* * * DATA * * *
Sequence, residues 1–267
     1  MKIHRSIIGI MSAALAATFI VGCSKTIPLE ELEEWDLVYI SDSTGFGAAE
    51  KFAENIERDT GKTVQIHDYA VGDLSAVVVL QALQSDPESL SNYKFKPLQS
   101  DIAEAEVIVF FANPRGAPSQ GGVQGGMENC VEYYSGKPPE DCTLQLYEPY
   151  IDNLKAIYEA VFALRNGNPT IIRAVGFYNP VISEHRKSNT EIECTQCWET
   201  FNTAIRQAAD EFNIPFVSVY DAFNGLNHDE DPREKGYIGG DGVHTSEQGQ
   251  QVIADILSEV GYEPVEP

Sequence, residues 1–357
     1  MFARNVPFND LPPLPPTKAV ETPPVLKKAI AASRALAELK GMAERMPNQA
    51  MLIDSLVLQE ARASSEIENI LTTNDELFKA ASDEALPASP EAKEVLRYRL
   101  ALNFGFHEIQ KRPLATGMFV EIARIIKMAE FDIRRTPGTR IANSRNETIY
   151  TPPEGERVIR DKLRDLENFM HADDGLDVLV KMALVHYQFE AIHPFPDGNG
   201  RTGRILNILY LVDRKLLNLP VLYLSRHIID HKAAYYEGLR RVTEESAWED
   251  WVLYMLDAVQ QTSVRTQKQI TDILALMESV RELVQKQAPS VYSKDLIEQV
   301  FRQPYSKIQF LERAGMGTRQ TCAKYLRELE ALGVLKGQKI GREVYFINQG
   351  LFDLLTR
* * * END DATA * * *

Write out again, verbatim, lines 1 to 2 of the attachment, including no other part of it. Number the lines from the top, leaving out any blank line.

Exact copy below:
Sequence, residues 1–267
     1  MKIHRSIIGI MSAALAATFI VGCSKTIPLE ELEEWDLVYI SDSTGFGAAE